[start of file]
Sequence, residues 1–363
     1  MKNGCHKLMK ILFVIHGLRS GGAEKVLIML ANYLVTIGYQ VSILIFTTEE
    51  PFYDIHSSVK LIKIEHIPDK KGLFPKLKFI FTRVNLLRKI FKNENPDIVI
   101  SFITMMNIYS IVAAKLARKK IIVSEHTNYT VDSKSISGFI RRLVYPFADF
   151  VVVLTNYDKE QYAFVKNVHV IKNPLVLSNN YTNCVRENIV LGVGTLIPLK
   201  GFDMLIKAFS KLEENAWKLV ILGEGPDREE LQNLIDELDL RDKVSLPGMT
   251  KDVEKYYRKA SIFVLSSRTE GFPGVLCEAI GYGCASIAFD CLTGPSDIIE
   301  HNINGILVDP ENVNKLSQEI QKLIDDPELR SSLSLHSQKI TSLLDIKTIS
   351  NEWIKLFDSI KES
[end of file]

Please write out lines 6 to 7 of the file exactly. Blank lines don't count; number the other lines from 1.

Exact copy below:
   201  GFDMLIKAFS KLEENAWKLV ILGEGPDREE LQNLIDELDL RDKVSLPGMT
   251  KDVEKYYRKA SIFVLSSRTE GFPGVLCEAI GYGCASIAFD CLTGPSDIIE